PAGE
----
Meet our Loyalty Panellist: Robert Bates from Currys

We spoke to the Head of Decision Sciences for Currys to find out his take on the future of loyalty and the critical role of data in the company's journey.


As part of our debate on the future of loyalty, we interviewed our expert panellists to learn more about their personal experiences and opinions on loyalty.

 

Meet the panellist Robert Bates

The second piece in the series explores the value and use of data to solve significant organisation challenges, particularly about the execution of loyalty programmes and customer lifetime value. 

Meet Robert Bates, head of the Currys Decision Sciences Team, identifying where advanced analytics, Machine Learning and Artificial Intelligence techniques can drive change in long-term strategy and day-to-day trading. 

To achieve these goals, his team fuse data and management science techniques to bring the stories within the data to life, encouraging business engagement and debate.

I asked Robert some questions to get a sense of his team's role in loyalty, customer acquisition at Currys and the related challenges felt today. I also asked about the growing use of data across the business, and what the future of loyalty looks like to him (and Currys).

Gary Gould, Marketing Director at Red Badger (GG): Can you explain in a little more detail what's involved with your role as Head of Decision Sciences? And can you elaborate on its importance within loyalty and customer acquisition for Currys?

Robert Bates (RB): As a decision scientist, it's my role to link the business questions to the data science and models to ensure Currys is a truly data-driven business. 

The aim of the projects we work on isn't simply to create a model or perform analysis; rather it is to understand how the system works – where and how we can optimise it, what are the upstream and downstream dependencies – so we can drive meaningful and lasting change, influence behaviours and alter management thinking.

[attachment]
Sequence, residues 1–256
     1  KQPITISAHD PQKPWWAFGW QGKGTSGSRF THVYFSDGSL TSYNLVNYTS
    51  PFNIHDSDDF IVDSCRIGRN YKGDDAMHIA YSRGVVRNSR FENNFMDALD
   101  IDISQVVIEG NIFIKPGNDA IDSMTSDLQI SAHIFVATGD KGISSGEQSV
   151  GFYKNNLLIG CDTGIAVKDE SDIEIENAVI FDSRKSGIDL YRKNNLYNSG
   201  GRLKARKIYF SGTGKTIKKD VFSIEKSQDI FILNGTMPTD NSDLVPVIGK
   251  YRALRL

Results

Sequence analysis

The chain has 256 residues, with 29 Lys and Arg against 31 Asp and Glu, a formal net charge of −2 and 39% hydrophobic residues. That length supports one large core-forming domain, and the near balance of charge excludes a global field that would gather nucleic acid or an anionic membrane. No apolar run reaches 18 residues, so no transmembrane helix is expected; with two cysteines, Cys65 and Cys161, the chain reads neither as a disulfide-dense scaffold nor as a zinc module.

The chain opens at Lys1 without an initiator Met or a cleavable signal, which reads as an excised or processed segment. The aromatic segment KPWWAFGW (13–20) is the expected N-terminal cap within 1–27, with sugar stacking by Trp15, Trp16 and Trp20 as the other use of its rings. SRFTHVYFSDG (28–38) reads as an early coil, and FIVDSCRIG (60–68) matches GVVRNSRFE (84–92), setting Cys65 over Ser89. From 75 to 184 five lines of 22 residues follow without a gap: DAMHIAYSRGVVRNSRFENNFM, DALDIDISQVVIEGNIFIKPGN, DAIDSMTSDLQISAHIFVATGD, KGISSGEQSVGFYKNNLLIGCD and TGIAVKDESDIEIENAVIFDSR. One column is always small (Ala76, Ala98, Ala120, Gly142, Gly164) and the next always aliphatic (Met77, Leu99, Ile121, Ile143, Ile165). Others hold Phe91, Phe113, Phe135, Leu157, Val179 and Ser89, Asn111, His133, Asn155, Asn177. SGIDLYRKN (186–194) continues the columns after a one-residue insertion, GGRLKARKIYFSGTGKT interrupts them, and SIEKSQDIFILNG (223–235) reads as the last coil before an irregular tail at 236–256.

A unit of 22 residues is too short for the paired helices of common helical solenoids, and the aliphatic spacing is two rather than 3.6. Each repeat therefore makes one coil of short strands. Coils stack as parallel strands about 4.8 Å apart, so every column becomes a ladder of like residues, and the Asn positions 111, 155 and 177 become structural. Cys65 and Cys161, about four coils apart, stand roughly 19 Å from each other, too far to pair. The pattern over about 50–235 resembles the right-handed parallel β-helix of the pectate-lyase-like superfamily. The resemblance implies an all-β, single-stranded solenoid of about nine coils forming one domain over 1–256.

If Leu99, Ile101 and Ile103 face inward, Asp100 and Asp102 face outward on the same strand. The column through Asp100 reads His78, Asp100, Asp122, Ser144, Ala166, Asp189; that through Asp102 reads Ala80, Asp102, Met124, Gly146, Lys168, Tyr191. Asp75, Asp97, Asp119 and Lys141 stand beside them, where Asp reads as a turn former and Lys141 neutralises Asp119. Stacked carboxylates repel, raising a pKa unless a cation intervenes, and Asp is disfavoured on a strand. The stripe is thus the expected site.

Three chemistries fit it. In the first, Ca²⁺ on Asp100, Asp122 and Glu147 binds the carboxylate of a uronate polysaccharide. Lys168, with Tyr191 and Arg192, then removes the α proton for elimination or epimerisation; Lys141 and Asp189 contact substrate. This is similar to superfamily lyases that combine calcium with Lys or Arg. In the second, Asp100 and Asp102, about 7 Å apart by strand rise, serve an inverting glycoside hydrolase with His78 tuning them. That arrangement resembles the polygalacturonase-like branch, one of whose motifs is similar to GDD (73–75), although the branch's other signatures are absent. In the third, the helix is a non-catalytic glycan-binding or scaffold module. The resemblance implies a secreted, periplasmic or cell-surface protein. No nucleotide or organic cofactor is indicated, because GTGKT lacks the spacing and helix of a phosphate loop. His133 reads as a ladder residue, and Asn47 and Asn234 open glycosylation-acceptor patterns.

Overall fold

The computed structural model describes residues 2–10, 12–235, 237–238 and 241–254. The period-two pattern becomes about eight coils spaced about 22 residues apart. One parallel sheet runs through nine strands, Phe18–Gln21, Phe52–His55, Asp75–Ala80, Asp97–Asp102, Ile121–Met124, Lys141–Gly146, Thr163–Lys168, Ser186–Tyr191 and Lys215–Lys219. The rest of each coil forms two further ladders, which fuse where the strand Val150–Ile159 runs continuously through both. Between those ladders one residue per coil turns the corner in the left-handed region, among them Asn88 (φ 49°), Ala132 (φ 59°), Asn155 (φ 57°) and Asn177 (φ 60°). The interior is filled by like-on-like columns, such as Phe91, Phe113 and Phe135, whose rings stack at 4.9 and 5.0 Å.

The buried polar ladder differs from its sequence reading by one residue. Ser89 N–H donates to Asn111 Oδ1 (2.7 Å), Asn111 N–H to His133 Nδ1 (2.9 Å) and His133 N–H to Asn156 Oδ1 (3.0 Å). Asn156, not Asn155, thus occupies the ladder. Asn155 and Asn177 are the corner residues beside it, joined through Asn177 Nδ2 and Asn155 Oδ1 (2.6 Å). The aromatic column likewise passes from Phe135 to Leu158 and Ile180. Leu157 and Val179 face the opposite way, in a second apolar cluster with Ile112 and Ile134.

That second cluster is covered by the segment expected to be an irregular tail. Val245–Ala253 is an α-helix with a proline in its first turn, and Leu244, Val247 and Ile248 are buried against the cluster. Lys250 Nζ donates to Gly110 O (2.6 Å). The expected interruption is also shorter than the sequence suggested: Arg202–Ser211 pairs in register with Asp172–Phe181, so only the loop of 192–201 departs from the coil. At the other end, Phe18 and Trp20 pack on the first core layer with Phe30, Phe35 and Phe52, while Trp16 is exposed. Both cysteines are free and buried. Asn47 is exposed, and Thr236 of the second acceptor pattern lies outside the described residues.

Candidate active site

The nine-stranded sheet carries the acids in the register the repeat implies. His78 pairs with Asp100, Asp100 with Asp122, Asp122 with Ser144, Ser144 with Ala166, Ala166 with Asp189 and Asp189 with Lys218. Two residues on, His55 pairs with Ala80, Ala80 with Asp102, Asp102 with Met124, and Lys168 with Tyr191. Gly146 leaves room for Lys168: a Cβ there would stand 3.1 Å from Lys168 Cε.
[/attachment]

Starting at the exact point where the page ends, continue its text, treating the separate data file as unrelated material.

As such, there's a natural affinity with loyalty and customer acquisition. For any such schemes, you must first understand how your existing customer base behaves and then how you expect to change that behaviour over time, or even how your customers' expectations may shift as and when you make changes.

Once identified, you then need to explain to the broader business how you reached these conclusions and how you can help implement the necessary changes and demonstrate the sensitivity of predicted performance to any assumptions – all skills the decision scientist uses daily.

GG: That sounds like a fascinating and no doubt rapidly expanding area of the modern enterprise.

A fundamental part of any project Red Badger delivers depends upon deep customer research and ongoing exploration to validate any hypothesis with real data - you can never understand your customers enough.

As a data expert and analyst, how has the role of data influenced the decision-making process at Currys, and where do you expect to see it used more widely in the future? For example, are key initiatives being explored today around your loyalty proposition?

 RB: Data is at the heart of decision-making within Currys, and it's my team's role (and some others within the business) to translate these commercial questions into the data world.